By JIGGER J. JERUSALEM and SHIELA MAE BUTLIG
SECURING Northern Mindanao’s hog industry and protecting it from the onslaught of the African Swine Fever (ASF) is of utmost importance, said an official of the Department of Agriculture here Friday.
“It’s important that we secure our region from the outbreak of the ASF,” said Juliet Araos, DA regulatory division chief for Region 10 during a press conference called by the capitol.
Araos said the spread of the deadly virus that can infect and kill swine in a matter of days can be slowed down as the country is archipelagic.
Although the ASF has not reached Mindanao, agriculture officials are not taking any chances as points of entry to the island are being closely monitored.
Dr. Leo Mira, officer of the Bureau of Animal Industry’s regional veterinary quarantine services, said the government has stepped up their monitoring of incoming hogs, pork products and byproducts from other areas, whether local or imported.
All entry points in Misamis Oriental and Cagayan de Oro like the Macabalan port, Laguindingan airport, Mindanao International Container Port in Tagoloan town, and Lugait and Magsaysay towns are now being guarded, said Mira.
Those most likely affected if the ASF reaches Mindanao are the hog farmers.
Robert Uy, a hog raiser in Northern Mindanao, said since they have biosecurity measures in place in their farm facilities, they are confident their livestock would not be easily infected.
Their concern though is the lowering of the farm gate price of hogs. The average price for a live swine is P125 per kilo but due to the ASF scare, it plunged to P95 per kilo.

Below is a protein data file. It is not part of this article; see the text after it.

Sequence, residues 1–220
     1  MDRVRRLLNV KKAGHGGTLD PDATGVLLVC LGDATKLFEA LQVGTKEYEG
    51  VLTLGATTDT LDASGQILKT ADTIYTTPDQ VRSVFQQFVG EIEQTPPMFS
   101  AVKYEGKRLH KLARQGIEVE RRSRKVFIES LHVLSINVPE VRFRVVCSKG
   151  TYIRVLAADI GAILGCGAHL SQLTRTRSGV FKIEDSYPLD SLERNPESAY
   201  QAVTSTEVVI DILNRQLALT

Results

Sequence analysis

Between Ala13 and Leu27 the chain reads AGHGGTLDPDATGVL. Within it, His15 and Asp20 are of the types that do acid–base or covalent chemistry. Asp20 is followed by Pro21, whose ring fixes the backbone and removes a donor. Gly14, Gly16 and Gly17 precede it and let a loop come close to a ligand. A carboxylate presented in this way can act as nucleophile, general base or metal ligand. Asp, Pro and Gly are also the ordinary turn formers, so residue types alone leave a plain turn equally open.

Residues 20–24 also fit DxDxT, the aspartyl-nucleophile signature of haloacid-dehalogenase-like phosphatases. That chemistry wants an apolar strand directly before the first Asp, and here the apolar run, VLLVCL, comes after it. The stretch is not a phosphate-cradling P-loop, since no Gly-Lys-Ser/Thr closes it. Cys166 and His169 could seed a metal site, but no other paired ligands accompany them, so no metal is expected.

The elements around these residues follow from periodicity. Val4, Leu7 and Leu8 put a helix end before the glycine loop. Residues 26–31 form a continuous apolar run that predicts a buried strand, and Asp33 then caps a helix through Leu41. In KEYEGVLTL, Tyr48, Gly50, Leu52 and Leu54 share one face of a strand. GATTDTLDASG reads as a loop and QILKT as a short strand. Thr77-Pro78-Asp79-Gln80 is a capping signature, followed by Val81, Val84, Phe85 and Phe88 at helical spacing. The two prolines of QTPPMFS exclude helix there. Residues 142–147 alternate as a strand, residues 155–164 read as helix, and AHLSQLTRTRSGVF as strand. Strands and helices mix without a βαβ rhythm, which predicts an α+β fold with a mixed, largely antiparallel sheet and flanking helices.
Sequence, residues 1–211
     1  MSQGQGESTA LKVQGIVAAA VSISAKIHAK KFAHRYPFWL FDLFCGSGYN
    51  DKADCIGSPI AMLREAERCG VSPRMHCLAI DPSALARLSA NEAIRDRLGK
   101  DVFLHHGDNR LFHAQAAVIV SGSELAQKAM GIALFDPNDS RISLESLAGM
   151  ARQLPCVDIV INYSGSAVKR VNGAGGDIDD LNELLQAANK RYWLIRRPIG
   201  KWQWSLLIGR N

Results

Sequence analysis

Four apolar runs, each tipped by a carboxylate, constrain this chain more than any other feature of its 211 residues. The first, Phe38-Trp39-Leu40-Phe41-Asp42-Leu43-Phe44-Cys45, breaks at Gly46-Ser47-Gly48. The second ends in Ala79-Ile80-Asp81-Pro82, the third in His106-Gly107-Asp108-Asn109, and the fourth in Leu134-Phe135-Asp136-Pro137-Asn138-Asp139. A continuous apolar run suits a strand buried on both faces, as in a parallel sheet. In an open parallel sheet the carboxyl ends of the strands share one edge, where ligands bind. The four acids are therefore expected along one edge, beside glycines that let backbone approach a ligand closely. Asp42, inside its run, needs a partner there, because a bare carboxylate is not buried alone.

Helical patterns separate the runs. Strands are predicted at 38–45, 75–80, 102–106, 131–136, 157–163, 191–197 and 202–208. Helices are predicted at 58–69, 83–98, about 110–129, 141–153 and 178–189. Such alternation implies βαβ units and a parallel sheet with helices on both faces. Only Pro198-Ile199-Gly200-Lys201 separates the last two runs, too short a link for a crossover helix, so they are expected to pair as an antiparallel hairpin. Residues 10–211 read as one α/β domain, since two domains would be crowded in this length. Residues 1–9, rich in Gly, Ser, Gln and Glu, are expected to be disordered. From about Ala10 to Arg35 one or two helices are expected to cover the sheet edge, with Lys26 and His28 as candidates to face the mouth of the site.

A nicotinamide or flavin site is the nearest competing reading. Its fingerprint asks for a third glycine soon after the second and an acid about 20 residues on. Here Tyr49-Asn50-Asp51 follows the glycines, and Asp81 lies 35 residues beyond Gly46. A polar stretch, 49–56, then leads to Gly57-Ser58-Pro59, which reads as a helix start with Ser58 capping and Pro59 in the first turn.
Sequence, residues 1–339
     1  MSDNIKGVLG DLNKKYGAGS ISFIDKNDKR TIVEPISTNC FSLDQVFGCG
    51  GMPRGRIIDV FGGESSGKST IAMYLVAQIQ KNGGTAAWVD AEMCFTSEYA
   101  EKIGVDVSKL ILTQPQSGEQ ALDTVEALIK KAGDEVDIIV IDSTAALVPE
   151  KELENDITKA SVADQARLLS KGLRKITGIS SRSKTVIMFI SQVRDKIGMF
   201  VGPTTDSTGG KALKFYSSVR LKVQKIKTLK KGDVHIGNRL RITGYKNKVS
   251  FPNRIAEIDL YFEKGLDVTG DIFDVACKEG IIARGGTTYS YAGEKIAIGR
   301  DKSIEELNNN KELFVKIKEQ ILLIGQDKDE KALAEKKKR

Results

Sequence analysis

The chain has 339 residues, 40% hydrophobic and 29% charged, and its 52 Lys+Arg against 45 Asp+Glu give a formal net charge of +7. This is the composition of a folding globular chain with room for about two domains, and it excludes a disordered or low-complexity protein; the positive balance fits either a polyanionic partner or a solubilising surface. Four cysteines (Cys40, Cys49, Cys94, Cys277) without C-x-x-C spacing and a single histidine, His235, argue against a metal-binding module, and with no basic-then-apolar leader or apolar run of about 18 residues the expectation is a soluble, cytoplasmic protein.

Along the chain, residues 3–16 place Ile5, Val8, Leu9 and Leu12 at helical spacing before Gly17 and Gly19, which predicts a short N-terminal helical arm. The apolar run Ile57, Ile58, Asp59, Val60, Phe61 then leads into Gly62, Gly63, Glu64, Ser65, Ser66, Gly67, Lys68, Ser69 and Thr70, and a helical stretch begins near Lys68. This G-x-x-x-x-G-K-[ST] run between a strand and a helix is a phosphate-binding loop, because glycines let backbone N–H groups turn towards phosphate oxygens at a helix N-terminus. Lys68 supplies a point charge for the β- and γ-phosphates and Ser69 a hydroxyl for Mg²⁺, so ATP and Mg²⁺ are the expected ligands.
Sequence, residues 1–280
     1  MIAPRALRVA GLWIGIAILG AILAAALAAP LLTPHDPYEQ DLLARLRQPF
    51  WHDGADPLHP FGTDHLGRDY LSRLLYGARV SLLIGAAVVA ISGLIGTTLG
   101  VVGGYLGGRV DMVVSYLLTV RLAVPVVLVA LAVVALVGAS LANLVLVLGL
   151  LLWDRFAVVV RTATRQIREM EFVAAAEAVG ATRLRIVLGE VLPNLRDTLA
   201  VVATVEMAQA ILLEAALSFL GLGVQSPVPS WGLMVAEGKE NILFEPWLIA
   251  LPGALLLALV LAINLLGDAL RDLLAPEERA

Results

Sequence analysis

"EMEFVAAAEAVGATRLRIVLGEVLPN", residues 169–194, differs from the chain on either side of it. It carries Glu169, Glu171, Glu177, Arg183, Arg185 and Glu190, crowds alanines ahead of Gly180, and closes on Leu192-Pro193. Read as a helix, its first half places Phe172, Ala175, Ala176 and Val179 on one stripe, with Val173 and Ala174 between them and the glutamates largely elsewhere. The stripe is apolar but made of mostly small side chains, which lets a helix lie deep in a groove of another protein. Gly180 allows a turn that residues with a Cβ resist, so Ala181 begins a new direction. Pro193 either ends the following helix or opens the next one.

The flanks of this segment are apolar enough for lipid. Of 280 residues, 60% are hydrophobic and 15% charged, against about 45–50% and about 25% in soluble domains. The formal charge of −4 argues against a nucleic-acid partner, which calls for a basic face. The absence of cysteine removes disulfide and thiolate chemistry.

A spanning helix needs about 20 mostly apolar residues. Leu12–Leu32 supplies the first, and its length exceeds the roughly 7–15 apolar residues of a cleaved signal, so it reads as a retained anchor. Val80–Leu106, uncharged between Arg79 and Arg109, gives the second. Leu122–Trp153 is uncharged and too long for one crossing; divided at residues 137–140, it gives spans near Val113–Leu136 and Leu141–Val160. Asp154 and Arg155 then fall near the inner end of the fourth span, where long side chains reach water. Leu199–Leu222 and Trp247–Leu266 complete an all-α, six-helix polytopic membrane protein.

But, Uy said, it has not yet affected their production on a large scale.
Uy said those most vulnerable of the ASF are the backyard hog growers who feed their swine with “swill” or food scraps.
“Commercial hog raisers give their livestock with feeds while our backyard counterparts, with swill. We urge them to cook the swill for at least an hour before feeding to kill the bacteria,” he said.
At the weekly “Farmers’ Market” at the capitol grounds, about 200 kilograms of pork were grilled and then given to people.
Provincial veterinarian Benjamin Resma said is “to prove that our pigs and pork are safe and are free from the African Swine Fever.”
On Thursday, Misamis Oriental Gov. Yevgeny Vincente Emano issued an executive order banning pigs, pork products and byproducts from entering the province, especially those coming from areas with ASF infestation.
The executive order also activated a task force that would implement the ban. It has been tasked to inspect and coordinate with other government agencies to ensure no pigs and pork products from ASF-infected areas would enter Misamis Oriental.
The DA and other concerned government offices in the region are all on preventive mode despite the assurance that no hog or pork products would come out of ASF-affected Rizal and Bulacan, said Araos.
“Dili kagawas sa Rizal ug sa Bulacan kay declare sila nga positive,” she said.
Araos said DA has gone strict with hogs, pork and processed pork products.
“Dapat makapakita ug insakto nga mga documents. Dapat naa silay accreditation sa planta or sa manufacturing plant, dapat naay documentation nga dala, dapat naay shipping permit,” she said.
Shipping permits would be required, said Araos, because these mean that the hogs or products were already inspected.
Canned goods, she said, need to be supported by papers from the Food and Drug Administration.
“Ibawal sa gyud nang mga processed food nga walay mga papel,” said Araos, adding that everything confiscated would be burned.
Araos said that while the ASF doesn’t affect humans, it is incurable, highly contagious and deadly to pigs. “Di gyud siya matambalan. Ang iyang symptoms taas iyang hilanat, di siya ganahan mukaon, hemorrhagic… naay mga dugo, dayon mag pantal-pantal, mag-reddish iyang lawas,” she said.